Stay Informed: Transforming Radiology with Structured Reporting and Data-Driven Approaches

Dive into our activities, projects, and product updates. Catch on the latest industry news and learn who we are as a company and as a team.

Project „KoMed“: The cognitive medical assistant for risk and complication prevention

Funded by the Ministry of Science, Research and the Arts of Baden-Wuerttemberg, Mint Medical has been supporting the Heidelberg University Hospital as a cooperation partner in an innovative project since March 2020: the development of a "cognitive medical assistant (KoMed)" that can identify a patient's individual surgical risk in advance, facilitate therapy decisions, and prevent complications.
According to the German Federal Statistical Office, approximately 17 million surgeries [1] are performed in Germany every year. While the majority of patients benefit from surgery, there are also those who suffer complications during or after the procedure. To date, risk scores have been determined according to criteria such as age, gender and previous illnesses, but these do not adequately reflect the actual risk of complications for the individual patient. In order to minimize complications and take potential risks into account before surgery, an interdisciplinary team from the Department of Anesthesiology and the Department of General, Visceral and Transplant Surgery, the Institute of Medical Biometry and Informatics, the Department of Medical Information Systems and the Center for Information and Medical Technology will train an algorithm over the next two years to evaluate a large amount of clinical data from patients using Big Data analyses. This will allow KoMed to provide informed decision support for adapted treatments by machine-learning which features are more or less likely to lead to complications such as wound infections or heart attacks. "This not only gives patients and treatment teams more certainty when making treatment decisions," explains project leader Dr. Jan Larmann, senior physician of the Department of Anesthesiology at the University Hospital, "assessing risks as accurately as possible also allows resources to be used in a targeted manner and thus also brings economic benefits."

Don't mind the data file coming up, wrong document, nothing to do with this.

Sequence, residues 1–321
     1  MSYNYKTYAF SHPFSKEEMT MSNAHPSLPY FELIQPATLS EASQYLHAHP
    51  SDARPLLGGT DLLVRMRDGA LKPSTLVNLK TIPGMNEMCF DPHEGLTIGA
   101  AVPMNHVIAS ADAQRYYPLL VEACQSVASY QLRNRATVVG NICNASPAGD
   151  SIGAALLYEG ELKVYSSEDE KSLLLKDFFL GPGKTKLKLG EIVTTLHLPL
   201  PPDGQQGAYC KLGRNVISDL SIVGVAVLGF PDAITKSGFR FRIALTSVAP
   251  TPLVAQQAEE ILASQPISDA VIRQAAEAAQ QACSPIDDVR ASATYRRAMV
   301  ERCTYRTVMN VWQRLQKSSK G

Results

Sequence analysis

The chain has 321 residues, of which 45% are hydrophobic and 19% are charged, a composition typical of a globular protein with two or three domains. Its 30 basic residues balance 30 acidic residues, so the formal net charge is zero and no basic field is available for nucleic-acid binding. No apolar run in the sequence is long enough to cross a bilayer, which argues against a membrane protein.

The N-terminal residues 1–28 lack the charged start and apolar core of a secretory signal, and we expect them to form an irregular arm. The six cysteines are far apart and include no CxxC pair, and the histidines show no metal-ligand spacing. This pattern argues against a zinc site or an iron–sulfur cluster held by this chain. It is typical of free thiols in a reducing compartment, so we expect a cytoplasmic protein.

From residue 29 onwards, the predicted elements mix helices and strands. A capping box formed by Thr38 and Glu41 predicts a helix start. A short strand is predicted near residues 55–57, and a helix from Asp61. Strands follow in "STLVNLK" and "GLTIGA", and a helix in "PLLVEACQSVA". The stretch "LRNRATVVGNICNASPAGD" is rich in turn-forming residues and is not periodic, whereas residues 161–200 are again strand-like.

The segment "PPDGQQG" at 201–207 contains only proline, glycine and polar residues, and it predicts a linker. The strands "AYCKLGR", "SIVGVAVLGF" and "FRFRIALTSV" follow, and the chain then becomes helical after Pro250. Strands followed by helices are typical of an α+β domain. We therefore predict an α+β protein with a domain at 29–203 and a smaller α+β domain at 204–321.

As part of a clinical trial starting off with around 600 patients, routine data and treatment histories are initially processed in a structured and analyzable manner so that KoMed can learn to identify risks as accurately as possible. Mint Medical supports this data collection with mint Lesion™ and eCRFs (electronic case report forms) developed specifically for the project, which make the data available in a standardized and traceable form. In addition, dashboards optimized specifically for the project are set up in mint Analytics, an add-on of mint Lesion™, which can be used to monitor the status of the clinical trial in real time. With the data systematically collected through clinical routine and additional proteome analyses, the project team expects to gain a better understanding of the circumstances under which complications occur: "This will make it possible to implement targeted countermeasures in the future," asserts Dr. Larmann confidently.
Watch the video here. [Video in German]


Related Resources

Related Resources

Prof. Frauenfelder and Mr. Steffen Rupp happy about extention of mint Lesion use in University Hospital Zürich

Transforming Oncology Patient Care

Innovative Approach to Structured Routine Reporting with mint Lesion at the University Hospital Zurich Heidelberg, DE, 05/09/2023 - Mint Medical…

University Hospital Jena: Research Investigating the Viability of Accelerating Whole-Body MRI in Children and Adolescents through STIR DWI with Simultaneous Multi-Slice Excitation

This study[1] addressed the challenges of conducting WB-MRI in paediatric patients, particularly the prolonged acquisition time required for…

WUSTL: Discrepant Assessments of Progressive Disease in Clinical Trials between Routine Clinical Reads and Formal RECIST 1.1 Interpretations

In this retrospective study utilizing the mint Lesion™ software[1], researchers found that routine clinical interpretations frequently resulted in the…